Crane Collapse NYC: One57 Developer Responds To Machine Teetering 1,000 Feet In Air

A crane atop a luxury condominium tower collapsed 1,000 feet above West 57th Street in New York City on Monday afternoon. The tower's development company is unsure when the crane can be secured or removed.

Tuesday morning, Crain's New York Business contacted Gary Barnett, president of Extell Development, the company behind luxury residential tower One57. Barnett said that construction manager Bovis Lend Lease was waiting for winds to die down before removing the collapsed crane from the Midtown building.

"Hopefully it will hold," Barnett told Crain's. "As soon as we're allowed we're going to try to secure it and take it down. Right now the wind is still too strong. Everything that can be done is being done."

During a conference on Tuesday morning, Mayor Michael Bloomberg also said they must wait. “The procedure will be to get the boom and strap it to the building,” Bloomberg said. “Then we can reopen the streets.”

The crane collapsed on Monday at the 57th Street construction site, between Sixth and Seventh Avenues, HuffPost previously confirmed. Wind, which reached speeds of 95 mph, caused the crane to crumple 75 stories in the air.

The danging 80-ton swing arm was surely one of the most startling sites for New York City residents, before they felt the full brunt of Hurricane Sandy on Monday night. Police cordoned off seven square blocks and began evacuating people from nearby areas, The New York Times reports.

Construction at One57 was halted on Saturday at 5 p.m., according to the Associated Press. Bloomberg said the crane had been inspected on Friday, Oct. 26, before Sandy hit the region.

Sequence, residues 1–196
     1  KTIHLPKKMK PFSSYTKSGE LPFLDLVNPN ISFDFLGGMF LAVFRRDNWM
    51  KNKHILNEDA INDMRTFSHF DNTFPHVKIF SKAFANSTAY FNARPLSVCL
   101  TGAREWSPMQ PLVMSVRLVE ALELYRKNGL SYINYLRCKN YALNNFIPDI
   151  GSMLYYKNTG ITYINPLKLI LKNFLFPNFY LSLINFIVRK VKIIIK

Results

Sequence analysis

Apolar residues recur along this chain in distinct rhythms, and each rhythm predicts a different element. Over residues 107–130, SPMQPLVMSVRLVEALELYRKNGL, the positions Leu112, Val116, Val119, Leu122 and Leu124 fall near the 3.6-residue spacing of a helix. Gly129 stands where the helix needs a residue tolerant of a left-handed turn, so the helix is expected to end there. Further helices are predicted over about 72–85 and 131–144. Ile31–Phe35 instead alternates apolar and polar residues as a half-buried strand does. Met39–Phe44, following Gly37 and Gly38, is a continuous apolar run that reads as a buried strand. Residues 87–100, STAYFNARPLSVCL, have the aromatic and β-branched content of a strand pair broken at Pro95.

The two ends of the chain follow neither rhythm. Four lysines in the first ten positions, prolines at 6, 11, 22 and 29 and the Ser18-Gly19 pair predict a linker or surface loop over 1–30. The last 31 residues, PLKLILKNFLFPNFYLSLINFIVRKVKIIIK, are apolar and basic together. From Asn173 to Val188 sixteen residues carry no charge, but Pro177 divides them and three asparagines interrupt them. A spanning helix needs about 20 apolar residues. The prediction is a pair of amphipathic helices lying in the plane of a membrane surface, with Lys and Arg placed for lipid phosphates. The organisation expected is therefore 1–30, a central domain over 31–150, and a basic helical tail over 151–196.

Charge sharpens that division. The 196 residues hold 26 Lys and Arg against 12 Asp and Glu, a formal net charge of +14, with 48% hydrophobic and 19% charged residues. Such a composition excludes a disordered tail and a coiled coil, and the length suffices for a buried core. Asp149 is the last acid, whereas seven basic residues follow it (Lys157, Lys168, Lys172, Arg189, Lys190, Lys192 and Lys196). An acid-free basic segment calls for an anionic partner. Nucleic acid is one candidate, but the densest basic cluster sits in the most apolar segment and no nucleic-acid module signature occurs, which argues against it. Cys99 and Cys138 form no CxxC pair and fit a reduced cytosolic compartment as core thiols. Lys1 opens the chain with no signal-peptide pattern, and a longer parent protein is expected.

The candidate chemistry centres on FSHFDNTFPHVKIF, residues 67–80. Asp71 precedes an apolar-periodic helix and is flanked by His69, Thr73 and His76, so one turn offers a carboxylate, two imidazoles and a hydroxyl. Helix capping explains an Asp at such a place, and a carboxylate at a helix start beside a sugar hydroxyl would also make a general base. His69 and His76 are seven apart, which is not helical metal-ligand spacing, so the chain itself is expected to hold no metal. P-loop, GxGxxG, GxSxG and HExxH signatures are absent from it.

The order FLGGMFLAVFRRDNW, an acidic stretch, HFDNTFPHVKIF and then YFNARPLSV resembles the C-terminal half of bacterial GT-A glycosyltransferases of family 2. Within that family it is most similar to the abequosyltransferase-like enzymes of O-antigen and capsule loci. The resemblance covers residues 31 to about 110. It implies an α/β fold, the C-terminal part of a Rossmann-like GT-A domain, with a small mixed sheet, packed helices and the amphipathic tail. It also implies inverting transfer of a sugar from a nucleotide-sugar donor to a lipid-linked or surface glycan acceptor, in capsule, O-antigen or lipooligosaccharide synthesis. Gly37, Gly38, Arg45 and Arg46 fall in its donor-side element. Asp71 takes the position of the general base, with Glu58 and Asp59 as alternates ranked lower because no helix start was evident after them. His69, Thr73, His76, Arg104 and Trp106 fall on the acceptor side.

"It's conceivable that nobody did anything wrong whatsoever and it wasn't even a malfunction, it was just a strange gust of wind," Bloomberg said during a news conference on Monday, according to the Chicago Tribune. "Just because it was inspected, that doesn't mean that God doesn't do things or that metal doesn't fail. There's no reason to think at this point in time that the inspection wasn't adequate."

However, reports allege that One57 received numerous construction complaints before Hurricane Sandy whipped through on Monday. The real estate website StreetEasy noted the citations (via Time magazine):

One57 has received numerous complaints from the Department of Buildings since construction began in May 2010 — some of which have been related to their construction cranes. At least one of the complaints is apparently still active, according to the site. Dated Sept. 15, this complaint states that the building was shaking and vibrating during construction, and that its structural stability was affected. No other details are available at this time. The report also indicates that during the course of two years of construction, the building has received a total of 11 partial or complete stop-work orders.

Barnett plans to resume work on the tower in a few days, according to the Bloomberg news network. As of Tuesday afternoon, the crane continued to teeter in the sky.

At 90 stories high, One57 is set to be the tallest residential building in New York City when completed, offering unparalleled views of Manhattan. The $1.7 billion building is already a hot commodity; one penthouse is on the market for $115 million, according to Forbes. One apartment has already sold for $90 million.